SDI ‘08Elections Impact – Gag Rule
Gag Rule 1NC
4. Independently, overpopulation leads to terrorism and WMD conflict
, faculty at Stanford University, 9-30-20
New ScientistMuch of today's population growth is occurring in rural regions in the developing world, sparking tensionboth within and between nations as increasing numbers of young people migrate to cities and to wealthiercountries looking for a better life. In the US, where large numbers of illegal immigrants enter the country insearch of work, opinions on immigration are already sharply divided. Western European nations have tended toaccept limited immigration from developing countries as a way to augment their workforce. Here too illegalimmigration is increasingly a problem, as thousands of people flee overcrowded labour markets in poor Africanand Asian countries in search of jobs. In many developing countries, numbers of youngworking-age people are rising by up to 3 per cent per year. Dissatisfaction is inevitable where populations of mostly young people face high unemployment, poverty, poor healthcare, limited education, inequity andrepressive government. Revolutions and political unrest most often occur in developing nations with growingpopulations.
Unemployed, disaffected young men provide both public support and cannon fodder for terrorism .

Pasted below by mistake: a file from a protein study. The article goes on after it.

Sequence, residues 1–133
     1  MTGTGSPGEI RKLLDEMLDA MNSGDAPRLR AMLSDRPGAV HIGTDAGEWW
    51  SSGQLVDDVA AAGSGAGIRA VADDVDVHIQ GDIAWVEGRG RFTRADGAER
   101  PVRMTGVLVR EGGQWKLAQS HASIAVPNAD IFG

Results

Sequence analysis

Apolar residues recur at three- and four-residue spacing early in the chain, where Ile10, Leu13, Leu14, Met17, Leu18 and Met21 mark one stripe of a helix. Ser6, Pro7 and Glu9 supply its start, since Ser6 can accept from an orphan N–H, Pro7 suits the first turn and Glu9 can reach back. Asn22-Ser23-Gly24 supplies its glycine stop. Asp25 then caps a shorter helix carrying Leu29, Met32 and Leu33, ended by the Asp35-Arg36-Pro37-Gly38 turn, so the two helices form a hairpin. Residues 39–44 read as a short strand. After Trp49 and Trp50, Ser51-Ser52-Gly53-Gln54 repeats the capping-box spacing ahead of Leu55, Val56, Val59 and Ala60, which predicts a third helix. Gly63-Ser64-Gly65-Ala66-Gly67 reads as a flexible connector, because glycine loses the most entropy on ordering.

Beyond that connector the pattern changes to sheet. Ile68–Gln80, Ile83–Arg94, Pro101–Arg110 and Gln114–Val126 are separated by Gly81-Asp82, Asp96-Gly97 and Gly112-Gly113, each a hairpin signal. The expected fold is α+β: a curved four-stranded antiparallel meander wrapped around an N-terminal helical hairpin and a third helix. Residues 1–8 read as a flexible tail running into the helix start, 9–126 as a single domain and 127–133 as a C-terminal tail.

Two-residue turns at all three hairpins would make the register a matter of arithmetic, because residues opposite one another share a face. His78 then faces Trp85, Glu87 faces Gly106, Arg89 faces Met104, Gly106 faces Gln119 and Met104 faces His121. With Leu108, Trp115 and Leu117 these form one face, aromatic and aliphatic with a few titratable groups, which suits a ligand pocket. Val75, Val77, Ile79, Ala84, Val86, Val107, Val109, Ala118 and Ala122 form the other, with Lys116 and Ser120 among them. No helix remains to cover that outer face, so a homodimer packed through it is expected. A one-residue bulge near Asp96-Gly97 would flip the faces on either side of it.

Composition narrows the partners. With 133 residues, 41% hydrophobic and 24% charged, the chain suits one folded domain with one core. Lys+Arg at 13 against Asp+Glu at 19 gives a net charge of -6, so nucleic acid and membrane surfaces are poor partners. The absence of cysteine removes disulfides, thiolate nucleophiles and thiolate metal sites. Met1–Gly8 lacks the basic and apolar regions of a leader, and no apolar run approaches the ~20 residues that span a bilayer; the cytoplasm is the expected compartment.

The majority of terrorists behind 9/11 and attacks in Europe, for instance, have been young adult men.
This is also the demographicgroup responsible for most crime globally
also create rising demands for food, energy and materials
. The strainthis puts on ecosystems and resources in developing countries is compounded by demands from industrialisednations keen to exploit everything from timber and tropical fruits to metals and petroleum.
Shortages of fresh water are increasingly common, jeopardising food production among many other problems
. Rising oil prices may now be signallingthe end of cheap energy, which also poses a threat to successful development. At the same time, mountingevidence of global warming makes reducing fossil-fuel use imperative.
If the 5 billion-plus people in developing nationsmatched
consumption patterns of the
1.2 billion in the
, at least
two more Earths would be needed tosupport everyone
. Politicians and the public seem utterly oblivious to what will be required to maintain crucialecosystem services and an adequate food supply in the face of rapid climate change and an accelerated lossof biodiversity. The future looks grim, unless patterns of consumption change - with rich nations causing lessenvironmental damage and poor ones consuming more, but adopting the newest, cleanest and most efficienttechnologies for energy use and production of goods and services. It seems likely that by 2050
nuclear, biologicaland chemical weapons of mass destruction will be in the hands of most nations
and many subnational groups.
Imagine a well-armed world
split between rich and poor, with unevenly distributed resources and a ravaged environment
. Unless we act now,future generations will not have to imagine.